War in Gaza Intensifies Internet Misinformation Concerns
Technology Policy Brief #101 | By: Mindy Spatt | November 19, 2023
Photo taken from: aljazeera.com
Misinformation on the Internet is an urgent, worldwide concern according to UNESCO. The danger of false information spreading online has only intensified in the wake of the war in Gaza, and Twitter is one of the wort culprits.
A survey by UNESCO, the United Nations Educational, Scientific and Cultural Organization, covering16 countries that collectively contain 2.5 billion voters, showed that the vast majority of people, 85%, are concerned about the harm disinformation can do, and 87% believe such harm has occurred in recent years. In addition, respondents reported that hate speech was prevalent; 67% of respondents said they has seen it online. For people under 35 that number was 74%.
“Social media platforms have …accelerated and amplified the spread of false information and hate speech, posing major risks to societal cohesion, peace and stability” said UNESCO Director-General Audrey Azoulay in a press release.
UNESCO released an action plan along with the study that included concrete steps social media platforms should take to curb misinformation. One of those is having a team of qualified moderators in all the main languages used on the platform that is robust enough to be able to control what’s being posted.
That is not the case on X/Twitter, where the war in Gaza has given rise to a huge amount of misinformation. According to advocacy group Free Press,
“Twitter is now inundated with grisly content and lies about the Middle East conflict,… a natural result of Elon Musk’s decision to lay off most of the company’s Trust and Safety team and gut the platform’s content-moderation rules.”
“With few left at the company to vet questionable and violent content, posts are often left unchecked to spread like wildfire,” Free Press said in a blog post that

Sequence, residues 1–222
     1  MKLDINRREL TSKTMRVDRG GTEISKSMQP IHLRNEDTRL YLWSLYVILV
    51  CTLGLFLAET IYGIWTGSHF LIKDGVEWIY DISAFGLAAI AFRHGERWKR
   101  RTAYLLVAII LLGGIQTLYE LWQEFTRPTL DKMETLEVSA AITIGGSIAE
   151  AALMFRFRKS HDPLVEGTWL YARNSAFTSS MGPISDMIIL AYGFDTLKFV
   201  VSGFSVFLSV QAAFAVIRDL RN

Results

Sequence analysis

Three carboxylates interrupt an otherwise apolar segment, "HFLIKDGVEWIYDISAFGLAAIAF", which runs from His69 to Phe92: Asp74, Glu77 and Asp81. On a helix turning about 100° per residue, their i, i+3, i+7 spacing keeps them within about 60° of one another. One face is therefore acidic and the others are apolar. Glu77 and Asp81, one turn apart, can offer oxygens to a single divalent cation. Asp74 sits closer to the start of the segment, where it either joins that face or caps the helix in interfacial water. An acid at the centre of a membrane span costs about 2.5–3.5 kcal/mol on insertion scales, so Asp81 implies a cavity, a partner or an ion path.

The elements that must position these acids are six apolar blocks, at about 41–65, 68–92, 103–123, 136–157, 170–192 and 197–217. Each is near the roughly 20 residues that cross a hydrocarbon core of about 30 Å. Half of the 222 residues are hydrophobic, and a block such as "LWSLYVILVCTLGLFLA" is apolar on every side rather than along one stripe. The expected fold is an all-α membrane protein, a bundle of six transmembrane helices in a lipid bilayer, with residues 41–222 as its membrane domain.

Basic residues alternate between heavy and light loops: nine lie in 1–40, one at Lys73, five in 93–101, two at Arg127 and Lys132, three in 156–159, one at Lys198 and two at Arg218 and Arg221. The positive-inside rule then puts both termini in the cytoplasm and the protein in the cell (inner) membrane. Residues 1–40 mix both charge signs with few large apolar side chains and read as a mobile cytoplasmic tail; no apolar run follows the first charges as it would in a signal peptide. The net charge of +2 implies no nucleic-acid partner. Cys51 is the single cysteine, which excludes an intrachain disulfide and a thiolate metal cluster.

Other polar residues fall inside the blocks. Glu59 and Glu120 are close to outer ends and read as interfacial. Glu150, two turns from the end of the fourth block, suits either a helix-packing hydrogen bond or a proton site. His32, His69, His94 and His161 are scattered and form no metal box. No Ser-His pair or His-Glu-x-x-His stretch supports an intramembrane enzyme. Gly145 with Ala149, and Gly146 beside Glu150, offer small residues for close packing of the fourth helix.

specifically calls out Musk’s decision to elevate paid subscribers’ posts, regardless of whether the user’s identities have been verified.
Newsguard, a media organization that “provides transparent tools to counter misinformation for readers, brands, and democracies,” has also found rampant misinformation about the war on X/Twitter. Newsguard staff collect data points from “more than 35,000 news and information sources” to track the spread of false narratives online.
Newsguard launched the Israel-Hamas War Misinformation Tracking Center on October 11, documenting the spread of a rash of false narratives about the war. At the time Newsguard identified 14 unsubstantiated or false stories being spread through 22 million views on X/Twitter, TikTok, and Instagram.
Of those false reports 10 were found and shared on X/Twitter, including the false claim that Ukraine had sold weapons to Hamas; a video purporting to show Hamas fighters celebrating an Israeli toddler’s abduction and a completely fictional claim that CNN had staged footage of a news crew being attacked in Israel.
According to the Free Press, “Disinformation about the Israel-Hamas conflict is a horrific example of why we so desperately need better moderation and tech executives who put platform integrity — and saving lives —over their hunger for profits. The current conflict is a case in point and the reason Free Press and our allies have been calling for stronger vetting by platforms year round.”
- Musk’s X egregious in its misinformation about Israel-Gaza war; EU threatens fines, Oct. 11, 2023
- Israel-Hamas War Misinformation Tracking Center: 45 Myths About the Conflict and Counting
- Guidelines for the governance of digital platforms: safeguarding freedom of expression and access to information through a multi-stakeholder approach